When paying a low premium, you might think that you are saving a lot, but if at all there comes a time when you have to claim the insurance, that is when the service level of the insurance company is going to matter the most. Quick reimbursement and smooth transactions are some of the salient features of a reliable insurance agency.

When it comes to RV insurance, choose the agency based on customer ratings, average savings, online purchases and claims, 24-hour support, and coverage terms.

Condition of RV

Premiums can vary a lot based on how well you maintain your RV. This does not necessarily mean that a newly purchased RV attracts lower premiums than an age-old RV. If you are serious about the upkeep of your old RV, you may even end up paying a lower premium than if you were to purchase a new RV.

On the other hand, if your RV is too old and is in a dilapidated condition, agencies would be smart enough to hand you an enormous premium bill, because they would think that you are more likely to claim the insurance on it.

So, when you have purchased an RV, whether brand-new and just-out-of-the-factory or a used model, make sure you work hard on its maintenance to avoid paying higher premiums when the insurance renewal time comes up.

Driving Experience

Being a new driver also accounts for a high insurance premium rate. The insurance agency will, of course, check your license and the number of years that you have driven an RV.

An RV is a large vehicle and usually takes more experience to maneuver in difficult turnings and terrains as compared to a smaller passenger car. This makes your RV prone to accident and the likelihood of you filing a claim also increases along with it. Hence, even if you have experience driving smaller cars, driving an RV is a different ball game.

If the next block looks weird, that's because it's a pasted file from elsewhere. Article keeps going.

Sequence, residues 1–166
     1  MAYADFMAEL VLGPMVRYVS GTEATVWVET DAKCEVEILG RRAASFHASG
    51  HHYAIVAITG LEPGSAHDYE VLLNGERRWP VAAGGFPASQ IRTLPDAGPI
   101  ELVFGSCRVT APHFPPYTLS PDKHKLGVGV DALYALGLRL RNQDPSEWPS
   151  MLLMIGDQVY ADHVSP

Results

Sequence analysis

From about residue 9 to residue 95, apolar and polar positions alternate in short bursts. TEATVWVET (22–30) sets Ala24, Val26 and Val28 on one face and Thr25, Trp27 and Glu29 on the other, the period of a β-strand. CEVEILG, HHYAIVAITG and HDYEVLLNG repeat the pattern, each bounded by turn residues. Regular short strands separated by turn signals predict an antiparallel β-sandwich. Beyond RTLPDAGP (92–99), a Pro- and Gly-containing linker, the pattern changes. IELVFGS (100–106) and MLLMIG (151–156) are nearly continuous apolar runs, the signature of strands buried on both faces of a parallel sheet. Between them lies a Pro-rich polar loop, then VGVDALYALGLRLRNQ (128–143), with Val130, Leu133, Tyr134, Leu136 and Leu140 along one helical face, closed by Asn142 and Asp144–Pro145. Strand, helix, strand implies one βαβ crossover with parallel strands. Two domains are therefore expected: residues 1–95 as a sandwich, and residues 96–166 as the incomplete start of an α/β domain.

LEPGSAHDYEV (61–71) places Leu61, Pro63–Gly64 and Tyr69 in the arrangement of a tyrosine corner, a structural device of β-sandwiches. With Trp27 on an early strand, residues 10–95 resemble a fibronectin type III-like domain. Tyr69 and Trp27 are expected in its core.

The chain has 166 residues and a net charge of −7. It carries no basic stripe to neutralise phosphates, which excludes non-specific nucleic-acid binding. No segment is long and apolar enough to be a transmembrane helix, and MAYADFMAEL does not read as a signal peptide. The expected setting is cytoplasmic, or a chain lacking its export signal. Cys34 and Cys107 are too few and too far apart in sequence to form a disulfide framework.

Insurance agencies take note of this fact and charge you more for your RV insurance if you lack driving experience. As you drive more over the years, you are more likely to be offered more savings by your insurance company.

Traffic Violations Records

When you buy insurance for smaller cars the agencies check for your history of traffic violation and accidents before giving you a quote. But this factor becomes even more significant when you are driving an RV.

This is because an RV is a much heavier vehicle and if accidents happen while you are driving an RV, the impact is usually much larger than if you were driving a smaller vehicle. The injury and the damage caused to other vehicles on the road is even larger than the damages caused to your RV. Hence, the compensation that your insurance agency needs to provide for the accident also significantly increases.

Thus, while driving an RV, you must maintain a clean record. It is not just for the safety of your RV and yourself, but also for drastically lowering your premium charges.

RV’s Time on the Road

Some people use their RV only occasionally, for large family trips or overnight journeys, for instance. For others, buying an RV is for a specific business purpose and these are the people whose RVs spend the maximum of their time on the road.